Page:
Participants at the recent Sendai Framework Monitor training in Suva, Fiji, supported by the Australian government
SUVA, Fiji 28 March 2018 – Six weeks after it was hit by a Category 4 cyclone, Tonga is now trained in the use of the new online tool for measuring disaster losses, the Sendai Framework Monitor.
Rolling out the Sendai Framework Monitor is part of Pacific-wide efforts to implement the global plan for reducing disaster losses, the Sendai Framework for Disaster Risk Reduction 2015-2030.
Senior disaster managers and statistics officers from ten countries attended the introductory training: Australia; Cook Islands; Fiji; Federated States of Micronesia; Palau; Republic of Marshall Islands; Samoa; Solomon Islands; Tonga; and Vanuatu. All of these countries are exposed to a high level of disaster risk associated with climate change including sea level rise and the growing intensity of extreme weather events such as storms, floods, heatwaves and drought.
The Head of Tonga’s National Emergency Management Office, Mr. Leveni Aho, said the Sendai Framework Monitor had the potential to better inform policymaking, improve coordination and preparedness, and, in so doing, reduce disaster risk and associated losses.
“The Sendai Framework Monitor is something we could use to bring everyone on board – from the Ministry of Finance and Planning as well as other parts of government – all working together to strengthen overall disaster management and risk reduction efforts,” he said.
Last month, Cyclone Gita caused two fatalities, damaged or destroyed over 1,000 homes and caused US$140 million in direct economic losses across Tonga’s two main islands Tongatapu (including the capital Nuku’Alofa) and Eua. The agricultural sector was hardest hit: 90% of fruit trees and 40% of root crops were destroyed.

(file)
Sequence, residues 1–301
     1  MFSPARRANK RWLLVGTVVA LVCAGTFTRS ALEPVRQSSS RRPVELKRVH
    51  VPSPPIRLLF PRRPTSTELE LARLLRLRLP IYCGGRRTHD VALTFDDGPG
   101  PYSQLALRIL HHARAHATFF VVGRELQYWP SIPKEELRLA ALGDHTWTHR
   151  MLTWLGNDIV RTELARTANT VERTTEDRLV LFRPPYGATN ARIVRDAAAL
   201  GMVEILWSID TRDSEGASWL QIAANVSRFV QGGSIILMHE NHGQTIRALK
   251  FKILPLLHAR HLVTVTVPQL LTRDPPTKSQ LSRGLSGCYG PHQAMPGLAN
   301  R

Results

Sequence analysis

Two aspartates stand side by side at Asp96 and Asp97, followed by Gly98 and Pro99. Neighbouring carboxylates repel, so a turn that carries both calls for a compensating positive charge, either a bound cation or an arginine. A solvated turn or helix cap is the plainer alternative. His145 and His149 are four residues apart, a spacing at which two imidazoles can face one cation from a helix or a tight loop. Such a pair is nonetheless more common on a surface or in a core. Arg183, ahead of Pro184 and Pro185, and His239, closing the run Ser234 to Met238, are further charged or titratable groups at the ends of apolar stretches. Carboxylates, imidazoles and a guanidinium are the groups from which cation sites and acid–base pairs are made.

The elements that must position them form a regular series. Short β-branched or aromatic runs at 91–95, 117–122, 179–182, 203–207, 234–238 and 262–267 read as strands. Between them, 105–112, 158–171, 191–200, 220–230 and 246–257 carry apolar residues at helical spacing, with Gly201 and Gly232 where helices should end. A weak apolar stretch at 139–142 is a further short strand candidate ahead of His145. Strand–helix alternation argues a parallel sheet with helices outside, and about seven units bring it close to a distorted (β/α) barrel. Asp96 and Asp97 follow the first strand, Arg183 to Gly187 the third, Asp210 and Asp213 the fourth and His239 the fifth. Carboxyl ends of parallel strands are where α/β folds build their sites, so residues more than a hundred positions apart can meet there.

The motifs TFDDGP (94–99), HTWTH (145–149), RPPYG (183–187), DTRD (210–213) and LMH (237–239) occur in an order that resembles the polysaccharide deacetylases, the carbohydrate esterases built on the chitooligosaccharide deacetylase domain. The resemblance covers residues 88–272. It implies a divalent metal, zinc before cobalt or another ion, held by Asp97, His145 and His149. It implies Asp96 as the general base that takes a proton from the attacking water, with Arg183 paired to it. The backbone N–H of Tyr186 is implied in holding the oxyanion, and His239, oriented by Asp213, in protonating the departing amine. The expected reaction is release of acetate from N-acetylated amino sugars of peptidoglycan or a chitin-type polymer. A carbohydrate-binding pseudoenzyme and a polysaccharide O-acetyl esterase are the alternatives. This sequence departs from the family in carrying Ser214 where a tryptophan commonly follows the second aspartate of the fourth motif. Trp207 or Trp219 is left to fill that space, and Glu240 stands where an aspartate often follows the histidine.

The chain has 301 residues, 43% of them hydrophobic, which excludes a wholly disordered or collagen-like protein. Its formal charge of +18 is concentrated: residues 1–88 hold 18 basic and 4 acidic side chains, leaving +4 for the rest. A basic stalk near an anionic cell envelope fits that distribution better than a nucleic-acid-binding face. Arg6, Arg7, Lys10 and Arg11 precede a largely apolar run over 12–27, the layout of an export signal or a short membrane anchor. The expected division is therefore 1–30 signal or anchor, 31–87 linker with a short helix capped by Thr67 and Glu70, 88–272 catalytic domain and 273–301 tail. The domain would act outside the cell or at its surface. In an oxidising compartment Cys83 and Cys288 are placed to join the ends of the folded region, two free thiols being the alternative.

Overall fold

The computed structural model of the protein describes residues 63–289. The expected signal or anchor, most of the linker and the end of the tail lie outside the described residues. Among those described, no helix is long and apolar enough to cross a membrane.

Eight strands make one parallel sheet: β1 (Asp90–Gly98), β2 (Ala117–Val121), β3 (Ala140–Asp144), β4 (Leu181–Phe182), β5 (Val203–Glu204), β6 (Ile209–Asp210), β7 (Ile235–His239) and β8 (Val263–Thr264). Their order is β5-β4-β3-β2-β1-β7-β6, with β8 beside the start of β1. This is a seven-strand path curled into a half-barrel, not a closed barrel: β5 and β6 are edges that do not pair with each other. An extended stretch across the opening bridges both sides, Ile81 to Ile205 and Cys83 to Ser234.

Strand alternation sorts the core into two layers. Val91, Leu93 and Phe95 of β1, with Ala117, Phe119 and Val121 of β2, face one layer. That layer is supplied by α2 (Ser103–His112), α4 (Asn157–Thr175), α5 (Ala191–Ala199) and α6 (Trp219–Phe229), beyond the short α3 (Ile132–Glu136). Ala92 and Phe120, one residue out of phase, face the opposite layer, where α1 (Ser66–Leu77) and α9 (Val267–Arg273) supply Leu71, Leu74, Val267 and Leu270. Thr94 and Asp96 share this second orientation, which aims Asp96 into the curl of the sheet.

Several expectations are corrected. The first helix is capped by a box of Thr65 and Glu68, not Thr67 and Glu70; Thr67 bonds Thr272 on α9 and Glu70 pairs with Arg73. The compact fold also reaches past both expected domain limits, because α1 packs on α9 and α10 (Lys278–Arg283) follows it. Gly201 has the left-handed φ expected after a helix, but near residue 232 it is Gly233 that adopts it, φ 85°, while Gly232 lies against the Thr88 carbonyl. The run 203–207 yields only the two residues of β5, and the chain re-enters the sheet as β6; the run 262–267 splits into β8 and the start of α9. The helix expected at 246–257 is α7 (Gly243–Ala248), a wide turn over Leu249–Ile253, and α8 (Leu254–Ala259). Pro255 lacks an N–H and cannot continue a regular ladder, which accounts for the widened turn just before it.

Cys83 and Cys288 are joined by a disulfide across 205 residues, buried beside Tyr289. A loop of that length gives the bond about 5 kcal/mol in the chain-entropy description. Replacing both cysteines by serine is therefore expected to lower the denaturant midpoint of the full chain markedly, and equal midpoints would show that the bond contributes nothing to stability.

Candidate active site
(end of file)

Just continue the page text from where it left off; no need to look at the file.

Tonga was one of ten Pacific countries participating in a training on the Sendai Framework Monitor, which also emphasized how the system could significantly ease the burden of reporting for two reasons.
First, the Sendai Framework Monitor will be able to utilize existing data in the Pacific Disaster Loss Database (PDaLo). Second, it can be used to assess progress against national, regional and international development frameworks and commitments.
At the regional level, the Sendai Framework Monitor links to the Framework for Resilient Development in the Pacific. And at the global level, it links to the Sendai Framework and the Sustainable Development Goals in terms of Goal 1, end poverty; Goal 11, resilient cities; Goal 13, climate change.
The explicit link of the Sendai Framework Monitor to the SDGs was welcomed by Ms. Anna Pitaboe, of the Solomon Islands National Statistics Office.
“For our work in the Solomon Islands and with such a small team this connection to the SDGs is really a big selling point. It makes our life easier and reduces the work involved,” she said.
UNISDR Pacific Sub-regional Coordinator, Mr. Andy McElroy said the training had shown that the Sendai Framework Monitor was both usable and useful for Small Island Developing States (SIDS).
“The next step in most countries is to continue to raise awareness of how the Sendai Monitor can improve national policymaking and be a labour saving device for national, regional and global reporting commitments. UNISDR is committed to support this process,” said Mr. McElroy.
Several key partners also attended the training, including the Pacific Community (SPC), International Federation of Red Cross and Red Crescent Societies (IFRC), Pacific Disability Forum, UNESCAP and UNDP. The workshop was hosted by the University of South Pacific and organized with the support of funding from the Australian Government's Department of Foreign Affairs and Trade.